One wonders at the sham-ness and shallowness of the election issues, the biggest of them being the so-called secular issue. What does secularism mean to the over one crore people in slavery? To slaves, freedom is just another word for nothing left to loose
India, Pakistan lead Global Slavery Index rankings
LONDON – An estimated 30 million people worldwide are living in modern-day slavery, according to the inaugural Global Slavery Index.
The index, compiled by the Walk Free Foundation, said that while India by far had the largest number of enslaved people, the problem was most prevalent in the West
African nation of Mauritania, where four per cent of the population was deemed to be held in slavery.
The WFF hopes the annual index will help governments to monitor and tackle what it calls a “hidden crime”.
“A lot of governments won’t like hearing what we have to say,” chief executive Nick Grono told AFP.
“Those governments that want to engage with us, we will be very open to engaging and looking at ways in which we can better measure the issue of modern slavery.”
Established in May last year, the WFF is a 20-strong team based in Perth on the Australian west coast, founded by philanthropists Andrew Forrest – the chairman of Fortescue Metals Group – and his wife Nicola.
It has the backing of former US secretary of state Hillary Clinton, Britain’s ex-prime minister Tony Blair, current Australian PM Tony Abbott and philanthropists Bill Gates, Richard Branson and Mo Ibrahim.
The foundation’s definition of modern slavery includes slavery itself, plus slavery-like practices – such as debt bondage, forced marriage and the sale or exploitation of children – human trafficking and forced labour.
“A lot of people are very surprised to hear that slavery still exists,” said Grono, explaining how many people assume it ended when the Atlantic slave trade was abolished in the 1800s.
“What modern slavery is is a situation that reflects all of the characteristics of slavery of past centuries,” he said.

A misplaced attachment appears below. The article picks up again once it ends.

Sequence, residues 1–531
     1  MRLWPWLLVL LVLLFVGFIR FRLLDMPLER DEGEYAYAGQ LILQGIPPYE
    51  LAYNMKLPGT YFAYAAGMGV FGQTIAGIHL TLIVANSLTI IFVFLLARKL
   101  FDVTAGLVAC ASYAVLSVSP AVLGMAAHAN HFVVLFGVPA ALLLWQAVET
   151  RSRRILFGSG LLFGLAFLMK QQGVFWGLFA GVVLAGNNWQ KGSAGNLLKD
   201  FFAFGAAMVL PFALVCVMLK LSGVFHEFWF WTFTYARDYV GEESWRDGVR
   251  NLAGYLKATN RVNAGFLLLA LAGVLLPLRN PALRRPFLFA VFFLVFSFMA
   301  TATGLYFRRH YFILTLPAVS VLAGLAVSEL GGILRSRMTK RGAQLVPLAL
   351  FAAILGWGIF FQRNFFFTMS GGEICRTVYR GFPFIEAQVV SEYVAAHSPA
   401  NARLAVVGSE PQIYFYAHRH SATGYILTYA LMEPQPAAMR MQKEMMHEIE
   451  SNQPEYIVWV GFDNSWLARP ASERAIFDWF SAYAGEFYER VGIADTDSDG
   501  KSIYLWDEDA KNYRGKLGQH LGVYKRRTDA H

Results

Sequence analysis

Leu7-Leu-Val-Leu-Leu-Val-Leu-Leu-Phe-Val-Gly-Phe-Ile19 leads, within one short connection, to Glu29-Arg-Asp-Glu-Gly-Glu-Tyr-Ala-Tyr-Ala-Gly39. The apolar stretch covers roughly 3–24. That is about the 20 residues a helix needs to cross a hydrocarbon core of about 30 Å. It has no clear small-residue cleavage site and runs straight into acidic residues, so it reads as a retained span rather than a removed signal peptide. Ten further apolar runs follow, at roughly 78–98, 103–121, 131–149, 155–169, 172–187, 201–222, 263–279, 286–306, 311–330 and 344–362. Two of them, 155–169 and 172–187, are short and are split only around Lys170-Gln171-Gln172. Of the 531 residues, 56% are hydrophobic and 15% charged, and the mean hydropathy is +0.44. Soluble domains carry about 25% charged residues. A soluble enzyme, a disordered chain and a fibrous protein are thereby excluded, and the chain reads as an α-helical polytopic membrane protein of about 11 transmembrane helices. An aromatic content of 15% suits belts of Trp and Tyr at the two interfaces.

“People are controlled by violence. They are tricked or they are forced into jobs or situations where they are economically exploited. They live on no pay or base subsistence pay and they’re not free to leave.”
The foundation has pulled together the best available experts in the field, data from respected outside sources and their own analysis to compile the 162-country index.
“It is tough because slavery is a hidden crime, so it’s difficult to get data. It’s a bit like trying to measure domestic violence or drug trafficking,” Grono admitted.
“We’ve very conscious that it’s very hard to measure this.” The countries with the highest prevalence of modern slavery were Mauritania, Haiti, Pakistan, India, Nepal, Moldova, Benin, Ivory Coast, Gambia and Gabon. Moldova – once part of the Soviet Union – was the only European nation in the top 10.
The index describes Mauritania as a nation with “deeply entrenched hereditary slavery”, while “people in slavery may be bought and sold, rented out and given away as gifts”. Grono said the inherited slave status was “very shocking”.
“In Mauritania, kids are born into slavery,” he explained.
“Women and men are enslaved and their children are often forced into a situation of domestic servitude or forced to work in the fields.”
Russia came 49th, China 84th, United States 134th, France 139th and Britain joint bottom on 160.
In terms of total numbers, the countries with the most people in modern slavery were estimated to be India (13.95 million), followed by China (2.95 million) and Pakistan (2.1 million). The report estimated that 72 per cent of people in modern slavery live in Asia. In India, “by far the largest proportion of this problem is the exploitation of Indian citizens within India itself, particularly through debt bondage and bonded labour”, the report said.
The estimated 2.9 million people in modern slavery in China “includes the forced labour of men, women and children in many parts of the economy, including domestic servitude and forced begging, the sexual exploitation of women and children, and forced marriage,” said the report.
Pakistan came third – in both the proportionate and total rankings – with 1.8 million people forced into bonded labour, out of a total 2.1 million people in slavery.
Among the top 10, the WFF said Moldova and Ivory Coast were working hard to address the issue, but efforts in the top three – Mauritania, Haiti and Pakistan – are “token at best and non-existent at worst”, the report said. Grono said: “Modern slavery is an issue that’s getting an awful lot of attention. It’s illegal everywhere and it’s absolutely abhorrent. “I think once we start pointing out the scale of the problem on a country by country basis, policy makers will react. “Slavery exists in every country in the world.”